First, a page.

Randgold Resources CEO: Our Industry has to Reinvent Itself
While the price of gold continues to decline, one mining company isn’t worried. Randgold Resources’ CEO Mark Bristow believes the price drop in gold will only strengthen the industry and force companies to formulate new lessons from experiences.
“Our industry has to reinvent itself,” Bristow said in a recent statement. “For 10 years, most companies have placed unrealistic expectations on their shareholders, governments and the countries where they exploit mineral deposits. They’ve acted as if the increase in gold prices was never going to stop.”
According to Bristow, companies who have failed to exercise caution in the past will have a difficult future. “Young companies who targeted small fields or waited too long to get their projects off the ground will go bankrupt. Now with gold, international markets hardly have any money to offer.”
Randgold Gold sold 910,000oz of gold in 2013, generating turnover of $1.3 billion and recording a profit of $326 million. Bristow believes by keeping production costs low, the company is resilient to weakening gold prices.
"We have always maintained a great deal of pressure on costs, not exceeding $950 per ounce of gold produced, whether in West Africa or in the Democratic Republic of Congo (DRC). Even if prices drop to $1,000, we will still be profitable," Bristow said.
One of the ways the company has kept costs low is hiring and training local employees. According to the CEO, "There are virtually no expatriates in our mines, as we rely on local employees.”
Randgold’s director for West Africa, Mahamadou Samaké, believes Bristow’s style of business is unlike other mining companies’ and he appreciates it. "In my region, Bristow successfully trained and coached a team of qualified West African professionals. Unlike leaders of big Anglo-Saxon companies, he effectively delegated responsibilities to locals."
The company, which only has seven employees in a small office in the Channel Islands, puts most of its money into ongoing projects. “We have built a solid base in West Africa and in the DRC. In spite of its name, Randgold is not a South African company, even if it is made up of South African executives and we sell our gold to a South African refinery.”
As the largest gold mining firm in Francophone Africa, Randgold Resources has no plans of slowing down production. The company plans to increase its gold production by more than 30 percent in 2014 with promising gold finds in Mali and the DRC.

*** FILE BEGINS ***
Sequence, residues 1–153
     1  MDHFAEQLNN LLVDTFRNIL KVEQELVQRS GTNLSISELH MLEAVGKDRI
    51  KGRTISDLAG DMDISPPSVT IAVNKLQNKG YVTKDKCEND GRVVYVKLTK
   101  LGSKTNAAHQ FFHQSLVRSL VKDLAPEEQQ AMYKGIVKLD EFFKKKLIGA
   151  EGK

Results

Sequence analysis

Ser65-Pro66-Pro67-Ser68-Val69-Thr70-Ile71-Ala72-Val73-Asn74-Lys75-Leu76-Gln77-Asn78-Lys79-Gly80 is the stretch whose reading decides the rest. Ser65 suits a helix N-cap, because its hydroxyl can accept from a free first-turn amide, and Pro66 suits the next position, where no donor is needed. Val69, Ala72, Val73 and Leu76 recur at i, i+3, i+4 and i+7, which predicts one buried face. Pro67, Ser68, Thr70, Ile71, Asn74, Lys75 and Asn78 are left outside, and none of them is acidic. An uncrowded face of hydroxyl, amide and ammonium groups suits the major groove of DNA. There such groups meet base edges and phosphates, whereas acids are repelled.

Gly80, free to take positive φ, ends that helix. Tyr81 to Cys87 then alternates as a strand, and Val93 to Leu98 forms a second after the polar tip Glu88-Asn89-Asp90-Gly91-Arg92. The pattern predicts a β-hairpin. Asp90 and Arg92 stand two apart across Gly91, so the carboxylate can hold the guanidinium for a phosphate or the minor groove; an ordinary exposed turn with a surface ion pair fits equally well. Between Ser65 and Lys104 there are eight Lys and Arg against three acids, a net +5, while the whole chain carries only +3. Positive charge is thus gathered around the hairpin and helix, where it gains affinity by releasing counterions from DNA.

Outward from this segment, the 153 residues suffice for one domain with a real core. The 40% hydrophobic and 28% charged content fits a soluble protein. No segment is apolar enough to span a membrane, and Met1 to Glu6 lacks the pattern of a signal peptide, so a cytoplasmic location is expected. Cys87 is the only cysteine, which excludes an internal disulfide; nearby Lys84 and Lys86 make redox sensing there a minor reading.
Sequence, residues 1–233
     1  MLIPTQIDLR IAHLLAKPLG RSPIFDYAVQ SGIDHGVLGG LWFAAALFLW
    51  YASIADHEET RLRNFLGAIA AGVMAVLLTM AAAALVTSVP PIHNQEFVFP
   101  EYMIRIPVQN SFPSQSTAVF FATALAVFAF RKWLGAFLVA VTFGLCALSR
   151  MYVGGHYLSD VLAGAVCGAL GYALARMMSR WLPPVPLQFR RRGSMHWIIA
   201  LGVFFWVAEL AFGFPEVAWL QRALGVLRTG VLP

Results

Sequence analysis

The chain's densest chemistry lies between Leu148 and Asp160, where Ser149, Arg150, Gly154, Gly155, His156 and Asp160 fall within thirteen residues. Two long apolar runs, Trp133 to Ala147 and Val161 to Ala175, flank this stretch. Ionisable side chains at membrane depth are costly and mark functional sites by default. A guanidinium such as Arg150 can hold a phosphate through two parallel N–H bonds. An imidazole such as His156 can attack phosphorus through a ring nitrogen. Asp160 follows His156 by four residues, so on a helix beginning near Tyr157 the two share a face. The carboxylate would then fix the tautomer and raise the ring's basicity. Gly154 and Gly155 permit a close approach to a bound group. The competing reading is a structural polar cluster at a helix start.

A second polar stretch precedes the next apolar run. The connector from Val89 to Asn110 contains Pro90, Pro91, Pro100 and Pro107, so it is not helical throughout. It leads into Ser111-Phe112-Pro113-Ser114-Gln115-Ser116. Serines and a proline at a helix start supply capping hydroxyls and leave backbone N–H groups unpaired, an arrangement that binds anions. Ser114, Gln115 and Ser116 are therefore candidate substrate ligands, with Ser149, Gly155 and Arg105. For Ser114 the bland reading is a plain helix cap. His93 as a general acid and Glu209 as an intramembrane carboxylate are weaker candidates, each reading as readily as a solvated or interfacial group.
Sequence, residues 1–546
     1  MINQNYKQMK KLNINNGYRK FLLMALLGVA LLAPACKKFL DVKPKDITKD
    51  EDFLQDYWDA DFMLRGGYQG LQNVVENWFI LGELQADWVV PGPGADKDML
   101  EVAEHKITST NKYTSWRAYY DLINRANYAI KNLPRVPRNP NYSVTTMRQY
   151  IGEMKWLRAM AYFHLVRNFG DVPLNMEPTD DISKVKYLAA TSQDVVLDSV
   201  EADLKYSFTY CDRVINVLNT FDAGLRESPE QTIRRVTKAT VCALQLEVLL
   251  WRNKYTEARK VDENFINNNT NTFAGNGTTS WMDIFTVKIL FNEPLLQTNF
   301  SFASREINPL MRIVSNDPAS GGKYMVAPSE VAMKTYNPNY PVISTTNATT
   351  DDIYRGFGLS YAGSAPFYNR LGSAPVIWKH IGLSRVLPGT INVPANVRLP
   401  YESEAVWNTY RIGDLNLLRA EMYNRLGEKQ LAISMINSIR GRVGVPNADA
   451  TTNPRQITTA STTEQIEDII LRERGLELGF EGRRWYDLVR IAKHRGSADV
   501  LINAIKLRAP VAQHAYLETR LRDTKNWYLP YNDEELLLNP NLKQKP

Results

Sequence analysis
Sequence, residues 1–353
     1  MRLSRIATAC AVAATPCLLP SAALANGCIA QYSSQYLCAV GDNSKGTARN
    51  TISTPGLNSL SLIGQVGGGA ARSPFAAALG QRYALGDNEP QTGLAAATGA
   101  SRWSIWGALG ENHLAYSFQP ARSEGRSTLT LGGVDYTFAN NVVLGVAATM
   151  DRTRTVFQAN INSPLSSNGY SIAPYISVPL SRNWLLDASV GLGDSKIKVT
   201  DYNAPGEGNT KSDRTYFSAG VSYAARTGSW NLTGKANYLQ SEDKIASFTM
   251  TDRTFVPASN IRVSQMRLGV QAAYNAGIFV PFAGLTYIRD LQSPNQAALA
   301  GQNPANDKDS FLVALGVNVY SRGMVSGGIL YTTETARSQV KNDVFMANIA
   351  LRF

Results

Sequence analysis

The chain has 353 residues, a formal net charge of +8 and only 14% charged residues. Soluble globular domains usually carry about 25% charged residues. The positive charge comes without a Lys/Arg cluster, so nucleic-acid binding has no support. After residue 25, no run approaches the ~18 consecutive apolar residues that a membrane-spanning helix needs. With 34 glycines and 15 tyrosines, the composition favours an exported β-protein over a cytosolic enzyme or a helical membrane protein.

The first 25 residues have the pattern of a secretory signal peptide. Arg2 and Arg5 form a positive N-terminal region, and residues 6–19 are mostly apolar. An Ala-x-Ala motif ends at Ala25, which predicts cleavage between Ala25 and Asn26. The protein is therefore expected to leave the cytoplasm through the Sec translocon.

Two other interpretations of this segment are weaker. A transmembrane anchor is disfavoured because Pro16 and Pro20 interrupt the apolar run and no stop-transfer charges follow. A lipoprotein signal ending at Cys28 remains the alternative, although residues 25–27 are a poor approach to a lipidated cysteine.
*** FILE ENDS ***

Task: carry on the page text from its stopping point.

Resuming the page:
“Randgold is in good financial standing, we will continue to invest in exploration. We will upgrade our mining portfolio in the next five years. To make this a reality, we have procured 12 licences in Côte d'Ivoire, and we are actively exploring the Ituri region in the DRC, as well southern Mali."
Vale invests $150mn to extend life of Manitoba operations
Vale has announced a $150mn CAD investment to extend current mining activities in Thompson, Manitoba by 10 years while aggressive exploration drilling of known orebodies holds the promise of mining well past 2040.
Global energy transition is boosting the market for nickel
The Thompson Mine Expansion is a two-phase project. The announcement represents Phase 1 and includes critical infrastructure such as new ventilation raises and fans, increased backfill capacity and additional power distribution. The changes are forecast to improve current production by 30%.
“This is the largest single investment we have made in our Thompson operations in the past two decades,” said Mark Travers, Executive Vice-President for Base Metals with Vale. “It is significant news for our employees, for the Thompson community and for the Province of Manitoba.
“The global movement to electric vehicles, renewable energies and carbon reduction has shone a welcome spotlight on nickel – positioning the metal we mine as a key contributor to a greener future and boosting world demand. We are proud that Thompson can be part of that future and part of the low carbon solution.”
Vale continues drilling program at Manitoba
Coupled with today’s announcement, Vale is continuing an extensive drilling program to further define known orebodies and search for new mineralization.
“This $150mn investment is just one part of our ambitious Thompson turnaround story. It is an indicator of our confidence in a long future for the Thompson operations,” added Dino Otranto, Chief Operating Officer for Vale’s North Atlantic Base Metals operations.
“Active collaboration between our design team, technical services, USW Local 6166, and our entire Thompson workforce has delivered a safe, efficient and fit-for-purpose plan that will enable us to extract the Thompson nickel resources for many years to come.”
The Thompson orebody was first discovered in 1956 by Vale (then known as Inco) following the adoption of new exploration technology and the largest exploration program to-date in the company’s history. Mining of the Thompson orebody began in 1961.
“We see the lighting of a path forward to a sustainable and prosperous future for Vale Base Metals in Manitoba,” said Gary Annett, General Manager of Vale’s Manitoba Operations.